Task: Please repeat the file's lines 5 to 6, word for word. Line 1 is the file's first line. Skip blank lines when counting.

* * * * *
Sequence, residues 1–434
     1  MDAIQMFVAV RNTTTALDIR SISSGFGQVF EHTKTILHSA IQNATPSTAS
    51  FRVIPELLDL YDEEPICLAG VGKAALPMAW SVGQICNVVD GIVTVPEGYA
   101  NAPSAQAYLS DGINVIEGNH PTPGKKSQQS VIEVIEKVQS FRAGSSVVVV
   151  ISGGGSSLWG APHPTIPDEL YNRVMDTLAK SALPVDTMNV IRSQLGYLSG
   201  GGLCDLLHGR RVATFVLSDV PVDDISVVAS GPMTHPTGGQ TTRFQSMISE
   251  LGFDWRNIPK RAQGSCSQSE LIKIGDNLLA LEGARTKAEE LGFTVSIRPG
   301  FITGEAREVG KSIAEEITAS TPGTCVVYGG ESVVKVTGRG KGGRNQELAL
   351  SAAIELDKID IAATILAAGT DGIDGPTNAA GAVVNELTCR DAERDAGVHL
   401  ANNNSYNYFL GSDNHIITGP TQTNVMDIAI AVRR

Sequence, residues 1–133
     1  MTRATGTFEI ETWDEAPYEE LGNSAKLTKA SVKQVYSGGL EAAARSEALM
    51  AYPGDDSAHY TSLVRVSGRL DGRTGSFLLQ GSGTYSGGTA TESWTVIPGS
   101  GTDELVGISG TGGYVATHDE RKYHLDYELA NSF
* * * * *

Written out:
   151  ISGGGSSLWG APHPTIPDEL YNRVMDTLAK SALPVDTMNV IRSQLGYLSG
   201  GGLCDLLHGR RVATFVLSDV PVDDISVVAS GPMTHPTGGQ TTRFQSMISE